Hazmat Response On the "Big Island" of Hawaii

 Hawaii County, sometimes referred to as the "Big Island," is the easternmost county in the State of Hawaii. It covers an area of 5,087 square miles, but is still growing because of lava-flow activity from the Kilauea Volcano. The island of Hawaii is the...


  Hawaii County, sometimes referred to as the "Big Island," is the easternmost county in the State of Hawaii. It covers an area of 5,087 square miles, but is still growing because of lava-flow activity from the Kilauea Volcano. The island of Hawaii is the youngest and largest of the Hawaiian...


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Currently, there are 102 trained hazmat technicians in HCFD with 30 assigned to the hazmat companies. Eight hazmat technicians are on duty each shift. Technicians receive their training on the island through the State Civil Defense Agency. No mutual aid is available, since the entire fire department is on an island. If more personnel are needed, off-duty personnel are called back to duty. All firefighters on the island are trained to the hazmat-operations level.

Hazmat personnel are not dedicated to the hazmat units, but operate engine companies and respond to other emergencies as needed. Hazmat units are deployed on the east and west sides of the Big Island. The east station in Hilo shares quarters with Engine 1, a hazmat-equipment trailer for mass-decontamination and mass-casualty incidents, and a four-wheel drive utility pickup to tow the trailer. Hilo Hazmat 1 is a 1997 HME on a Marion body. Engine 1 is a 1990 Seagrave 1,500-gpm pumper with a 1,000-gallon tank. The west hazmat unit does not have its own station. Station 21 is under construction and will house Engine 21 and Hazmat 21. Hazmat 21 and Engine 21 are temporarily located at Waikoloa Station 16 in North Kona. Hazmat 21 is a 2005 Pierce and Engine 21 is a 2006 Pierce with a 1,500-gpm pump and 1,000-gallon tank.

There are no railroads or interstate highways in Hawaii. Most cargo for the Big Island comes through its two seaports, with the primary port in Hilo. The major county highways are 11 and 19. There is no natural gas service on the island, so gas needs are met by propane. Primary hazardous materials include pesticides associated with agriculture and propane, chlorine, flammable liquid fuels, ammonia and oxygen. Hazardous materials are often transported in intermodal containers. Petroleum flammable liquids are shipped by barge. Primary fixed hazmat exposures are flammable fuel tank farms and power plants.

The major hazmat exposure on the island is the Kilauea Volcano. Since 1952, there have been 34 eruptions, and since January 1983 eruptive activity has been continuous along the east rift zone. All told, Kilauea ranks among the world's most active volcanoes and is believed by many to be the most active in the world. Kilauea spews nearly 3,000 tons of ash and deadly sulfur dioxide each day. Sulfur dioxide is a colorless, non-flammable toxic and corrosive gas that is heavier than air with a very strong, pungent odor. The primary route of entry into the body is through inhalation. It has a National Fire Protection Association (NFPA) 704 classification of Health-3, Flammablity-0 and Reactivity-0. The National Institute for Occupational Safety and Health (NIOSH) immediately dangerous to life or health (IDLH) is 100 ppm. The American Industrial Hygiene Association (AIHA) Emergency Response Planning Guideline 2 (ERPG-2) is three ppm (this refers to the maximum airborne concentration below which it is believed that nearly all persons could be exposed for up to one hour without experiencing or developing irreversible or other serious health effects or symptoms that could impair their abilities to take protective action). Sulfur dioxide is primarily a respiratory hazard and can cause irritation to those with previous respiratory problems.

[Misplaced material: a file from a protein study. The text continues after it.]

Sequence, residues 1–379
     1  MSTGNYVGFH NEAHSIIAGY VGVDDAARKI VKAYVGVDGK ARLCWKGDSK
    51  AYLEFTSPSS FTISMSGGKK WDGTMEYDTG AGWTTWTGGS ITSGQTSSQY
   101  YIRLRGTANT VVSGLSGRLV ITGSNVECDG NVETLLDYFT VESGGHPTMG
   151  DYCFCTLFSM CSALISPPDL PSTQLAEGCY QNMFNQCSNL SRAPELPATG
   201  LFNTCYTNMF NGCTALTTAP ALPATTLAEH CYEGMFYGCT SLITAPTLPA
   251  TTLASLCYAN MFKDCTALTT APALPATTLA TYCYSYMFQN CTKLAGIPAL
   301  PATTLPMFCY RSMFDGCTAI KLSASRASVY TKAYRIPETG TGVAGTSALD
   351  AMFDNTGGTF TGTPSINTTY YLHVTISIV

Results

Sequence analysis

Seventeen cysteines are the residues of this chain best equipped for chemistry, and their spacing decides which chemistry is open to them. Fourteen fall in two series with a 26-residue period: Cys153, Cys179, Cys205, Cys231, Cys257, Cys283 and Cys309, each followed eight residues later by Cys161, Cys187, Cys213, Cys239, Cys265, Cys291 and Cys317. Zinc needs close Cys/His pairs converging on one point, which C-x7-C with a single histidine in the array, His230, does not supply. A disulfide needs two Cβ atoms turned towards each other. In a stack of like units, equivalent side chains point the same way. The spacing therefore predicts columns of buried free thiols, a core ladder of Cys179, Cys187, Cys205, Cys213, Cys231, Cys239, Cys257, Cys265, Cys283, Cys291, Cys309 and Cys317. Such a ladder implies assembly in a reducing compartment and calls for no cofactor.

Weather conditions on the island often cause the creation of "Vog" — fog from the volcano. During my visit in July 2008, I had to drive through areas of Vog with a distinct smell of sulfur in the air. Since the Vog formations are somewhat unpredictable and can happen quickly, the strategy for protecting the public is sheltering in place. Civil Defense personnel recommend that "safe rooms" be prepared in all homes exposed to the release of sulfur dioxide from Kilauea. They have also proposed the purchase of air purifiers for all public schools to create "safe zones" within the schools.

HCFD has placed sulfur dioxide monitoring equipment at all fire stations. Seven Area RAE sulfur dioxide monitors have been deployed to strategic locations as well. Information from the fixed monitors is fed to a server at the RAE Co. and can be viewed real-time by fire department personnel for determining sulfur dioxide levels in the air at a given location.